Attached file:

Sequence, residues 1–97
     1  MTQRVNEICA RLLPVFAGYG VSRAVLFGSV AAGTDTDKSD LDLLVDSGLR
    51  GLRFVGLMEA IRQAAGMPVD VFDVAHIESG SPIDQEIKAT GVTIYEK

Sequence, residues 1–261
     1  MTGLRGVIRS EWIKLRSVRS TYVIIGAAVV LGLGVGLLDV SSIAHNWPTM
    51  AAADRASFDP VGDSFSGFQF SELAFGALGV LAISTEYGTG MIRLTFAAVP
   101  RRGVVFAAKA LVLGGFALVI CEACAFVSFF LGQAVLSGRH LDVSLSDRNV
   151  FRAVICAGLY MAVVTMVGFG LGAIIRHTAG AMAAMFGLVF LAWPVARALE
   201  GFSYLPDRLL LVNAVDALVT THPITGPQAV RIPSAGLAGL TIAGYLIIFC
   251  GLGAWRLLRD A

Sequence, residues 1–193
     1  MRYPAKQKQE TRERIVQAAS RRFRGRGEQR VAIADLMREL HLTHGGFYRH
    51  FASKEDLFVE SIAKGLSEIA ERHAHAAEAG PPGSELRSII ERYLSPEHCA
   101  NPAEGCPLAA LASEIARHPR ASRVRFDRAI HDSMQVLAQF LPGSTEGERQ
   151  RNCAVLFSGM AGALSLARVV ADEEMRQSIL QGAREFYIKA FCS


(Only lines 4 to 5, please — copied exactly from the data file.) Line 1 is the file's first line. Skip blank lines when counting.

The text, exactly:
Sequence, residues 1–261
     1  MTGLRGVIRS EWIKLRSVRS TYVIIGAAVV LGLGVGLLDV SSIAHNWPTM